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Solo EP - dc Talk (2001)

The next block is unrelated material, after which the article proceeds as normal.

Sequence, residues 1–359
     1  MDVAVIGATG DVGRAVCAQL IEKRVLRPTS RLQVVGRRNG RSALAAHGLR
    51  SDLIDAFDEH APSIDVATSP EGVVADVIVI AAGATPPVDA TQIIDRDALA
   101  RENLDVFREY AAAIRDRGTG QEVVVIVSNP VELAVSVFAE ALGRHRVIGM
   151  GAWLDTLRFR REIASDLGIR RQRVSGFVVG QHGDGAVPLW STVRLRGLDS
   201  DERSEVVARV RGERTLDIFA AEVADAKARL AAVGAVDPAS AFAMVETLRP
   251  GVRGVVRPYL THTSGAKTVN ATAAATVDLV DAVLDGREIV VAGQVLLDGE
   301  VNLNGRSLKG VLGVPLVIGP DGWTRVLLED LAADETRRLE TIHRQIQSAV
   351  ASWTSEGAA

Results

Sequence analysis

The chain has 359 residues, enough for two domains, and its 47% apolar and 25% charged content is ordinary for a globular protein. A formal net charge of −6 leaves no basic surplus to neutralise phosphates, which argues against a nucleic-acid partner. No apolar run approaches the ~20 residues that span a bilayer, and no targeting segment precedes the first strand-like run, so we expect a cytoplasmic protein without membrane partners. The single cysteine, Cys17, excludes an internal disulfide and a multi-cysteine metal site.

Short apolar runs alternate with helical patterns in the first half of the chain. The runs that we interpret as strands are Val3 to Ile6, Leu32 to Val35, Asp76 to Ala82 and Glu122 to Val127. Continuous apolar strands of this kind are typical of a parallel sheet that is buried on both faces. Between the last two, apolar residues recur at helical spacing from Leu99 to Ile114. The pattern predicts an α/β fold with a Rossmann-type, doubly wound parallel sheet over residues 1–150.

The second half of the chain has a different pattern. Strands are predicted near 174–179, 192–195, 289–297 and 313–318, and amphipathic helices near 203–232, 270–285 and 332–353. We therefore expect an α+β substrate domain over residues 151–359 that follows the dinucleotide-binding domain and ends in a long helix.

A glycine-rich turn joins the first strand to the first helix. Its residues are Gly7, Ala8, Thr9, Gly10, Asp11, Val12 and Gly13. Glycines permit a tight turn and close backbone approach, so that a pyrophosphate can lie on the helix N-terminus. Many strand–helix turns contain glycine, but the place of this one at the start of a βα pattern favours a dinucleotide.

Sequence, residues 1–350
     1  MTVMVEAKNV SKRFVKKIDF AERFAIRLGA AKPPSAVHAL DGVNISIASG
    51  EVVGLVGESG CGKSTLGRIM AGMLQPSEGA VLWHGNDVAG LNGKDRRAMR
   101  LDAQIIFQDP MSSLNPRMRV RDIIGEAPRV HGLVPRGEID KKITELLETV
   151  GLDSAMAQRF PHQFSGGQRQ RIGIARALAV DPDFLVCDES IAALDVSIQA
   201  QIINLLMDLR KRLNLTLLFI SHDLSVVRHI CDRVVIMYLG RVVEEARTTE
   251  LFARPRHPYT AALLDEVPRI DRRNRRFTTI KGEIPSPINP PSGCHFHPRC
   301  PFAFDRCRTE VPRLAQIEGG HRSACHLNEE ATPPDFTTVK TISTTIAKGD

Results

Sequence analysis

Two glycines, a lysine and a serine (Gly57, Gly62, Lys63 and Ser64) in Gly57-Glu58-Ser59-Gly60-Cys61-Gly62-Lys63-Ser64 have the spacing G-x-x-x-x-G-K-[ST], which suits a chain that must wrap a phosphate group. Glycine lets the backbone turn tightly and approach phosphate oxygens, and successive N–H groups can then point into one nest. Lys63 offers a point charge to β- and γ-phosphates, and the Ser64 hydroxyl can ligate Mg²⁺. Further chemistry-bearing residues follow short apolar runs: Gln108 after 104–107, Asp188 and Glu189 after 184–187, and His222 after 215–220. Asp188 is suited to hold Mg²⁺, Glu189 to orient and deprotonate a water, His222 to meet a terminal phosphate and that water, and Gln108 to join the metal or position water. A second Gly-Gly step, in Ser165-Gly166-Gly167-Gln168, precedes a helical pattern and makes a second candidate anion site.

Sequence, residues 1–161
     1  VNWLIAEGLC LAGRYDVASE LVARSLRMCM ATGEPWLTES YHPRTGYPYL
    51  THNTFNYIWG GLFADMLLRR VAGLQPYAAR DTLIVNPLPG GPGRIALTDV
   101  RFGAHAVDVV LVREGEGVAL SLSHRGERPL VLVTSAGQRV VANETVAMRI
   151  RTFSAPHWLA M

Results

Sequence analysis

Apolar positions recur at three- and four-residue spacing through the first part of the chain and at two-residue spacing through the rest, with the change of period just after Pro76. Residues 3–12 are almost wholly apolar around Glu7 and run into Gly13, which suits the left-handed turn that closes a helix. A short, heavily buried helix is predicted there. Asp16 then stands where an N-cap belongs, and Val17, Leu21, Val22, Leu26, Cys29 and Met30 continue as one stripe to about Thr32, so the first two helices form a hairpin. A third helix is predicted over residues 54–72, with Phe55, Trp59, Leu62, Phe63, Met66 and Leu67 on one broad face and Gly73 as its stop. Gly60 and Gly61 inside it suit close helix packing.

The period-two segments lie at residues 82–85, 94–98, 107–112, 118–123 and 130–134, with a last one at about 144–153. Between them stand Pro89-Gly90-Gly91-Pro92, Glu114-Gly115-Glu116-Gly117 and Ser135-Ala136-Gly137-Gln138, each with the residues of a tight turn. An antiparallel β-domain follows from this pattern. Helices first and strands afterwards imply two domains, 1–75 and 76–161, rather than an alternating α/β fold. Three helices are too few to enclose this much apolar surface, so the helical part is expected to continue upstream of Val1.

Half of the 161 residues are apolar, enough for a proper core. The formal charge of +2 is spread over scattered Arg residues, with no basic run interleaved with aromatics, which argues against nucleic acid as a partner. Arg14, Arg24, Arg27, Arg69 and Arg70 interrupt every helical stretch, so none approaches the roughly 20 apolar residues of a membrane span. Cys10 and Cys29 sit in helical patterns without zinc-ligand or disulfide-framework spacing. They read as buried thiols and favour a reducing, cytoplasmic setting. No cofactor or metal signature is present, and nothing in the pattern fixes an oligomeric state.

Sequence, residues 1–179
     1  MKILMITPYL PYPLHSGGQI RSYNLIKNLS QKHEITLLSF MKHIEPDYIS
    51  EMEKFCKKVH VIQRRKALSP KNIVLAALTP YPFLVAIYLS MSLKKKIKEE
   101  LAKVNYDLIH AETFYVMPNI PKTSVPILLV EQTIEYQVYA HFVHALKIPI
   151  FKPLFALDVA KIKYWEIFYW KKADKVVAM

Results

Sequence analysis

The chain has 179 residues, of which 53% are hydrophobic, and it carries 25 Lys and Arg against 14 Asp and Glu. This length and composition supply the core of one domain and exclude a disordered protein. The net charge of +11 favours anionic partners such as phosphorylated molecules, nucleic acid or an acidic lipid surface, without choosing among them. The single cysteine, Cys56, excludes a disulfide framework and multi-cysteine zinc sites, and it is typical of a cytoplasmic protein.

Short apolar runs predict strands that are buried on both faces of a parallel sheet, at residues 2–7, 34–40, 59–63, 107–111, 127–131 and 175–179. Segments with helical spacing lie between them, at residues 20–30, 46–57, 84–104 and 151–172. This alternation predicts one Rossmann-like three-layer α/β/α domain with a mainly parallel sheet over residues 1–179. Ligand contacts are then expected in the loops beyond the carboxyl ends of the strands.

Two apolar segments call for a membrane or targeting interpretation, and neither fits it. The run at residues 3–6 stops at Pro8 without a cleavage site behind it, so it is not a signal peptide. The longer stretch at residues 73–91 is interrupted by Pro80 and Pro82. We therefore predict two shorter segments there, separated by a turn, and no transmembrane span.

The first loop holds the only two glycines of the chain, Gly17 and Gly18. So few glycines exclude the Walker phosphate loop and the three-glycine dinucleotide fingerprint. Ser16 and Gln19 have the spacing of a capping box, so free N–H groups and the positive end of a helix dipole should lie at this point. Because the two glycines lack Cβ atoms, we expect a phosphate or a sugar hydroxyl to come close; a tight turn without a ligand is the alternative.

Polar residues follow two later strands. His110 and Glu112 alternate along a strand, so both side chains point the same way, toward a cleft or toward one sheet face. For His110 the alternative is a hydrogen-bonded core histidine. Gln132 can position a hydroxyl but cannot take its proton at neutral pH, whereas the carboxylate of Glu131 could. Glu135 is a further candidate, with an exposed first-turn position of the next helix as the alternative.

Fans pore over even their most obscure performances, commonplace remarks, and trivial nuances. Critics believe that the three guys have piggybacked on studio musicians and producers to get where they are as Christian music's first superstars (and wearing that label comfortably). Whichever side of the debate one's on, the choice of each dc talk member to go Solo holds much promise. With three upcoming albums instead of the usual one, the dct message boards gush with excitement--while the calculating commentators await the chance to pick apart which member can't write, sing, etc. Solo, a 27-minute EP, previews Michael's jam sessions, Kevin's crafty rock operas, and Toby's sharp hip-hop, beginning with the mutual effort "Forty," recorded live. This U2 cover elucidates what their legions of zealots revere: an ability to praise, muse, and parade all in the same song. Under the rock influence of Pete Stewart, the band Tait exercises in two routines: a blaring concentration of guitar, and inhibited, radio gloss-over. The former is "Alibi," the latter "All You Got," both heavy on lead singer and namesake Michael Tait. "MahHmmm-myha...." Kmax swaggers in with a round of vocal warm-ups, throwing off popular, same-sounding forms...almost. Bass/drums/guitar still dominate, and the stereotypical "Be" squanders a good opportunity. Yet "Return of the Singer" outstrips Kevin's past sonic expeditions, barraging one's mental lobe with images of lunar touch-down, microphone thrust, and nitty-gritty truth. tobyMac breaks up Solo's fragmented feel, presenting the R&B-flavored "Somebody's Watching Me" as the first of two solid raps. Phat bass notes, an all-female backup, and a persistent beat mask verses that take jabs at the dc talk breakup rumors: "People want to know is there life after 'talk'...that junk's creeping into my solo joint." And, the finale, "Extreme Days." Industrial rap-core, attitude-heavy rock, white rap you can mosh to: call it whatever, this chaotic nucleus revolves around God and His raging reality. Only seven songs, Solo tantalizes listeners with an appetizer sampler of styles sure to spawn vast innovations in CCM.